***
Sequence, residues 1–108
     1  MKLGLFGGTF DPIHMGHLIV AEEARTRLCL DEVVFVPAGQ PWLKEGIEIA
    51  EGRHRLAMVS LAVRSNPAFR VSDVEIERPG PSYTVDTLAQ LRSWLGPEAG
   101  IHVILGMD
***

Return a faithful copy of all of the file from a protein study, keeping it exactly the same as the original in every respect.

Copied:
Sequence, residues 1–108
     1  MKLGLFGGTF DPIHMGHLIV AEEARTRLCL DEVVFVPAGQ PWLKEGIEIA
    51  EGRHRLAMVS LAVRSNPAFR VSDVEIERPG PSYTVDTLAQ LRSWLGPEAG
   101  IHVILGMD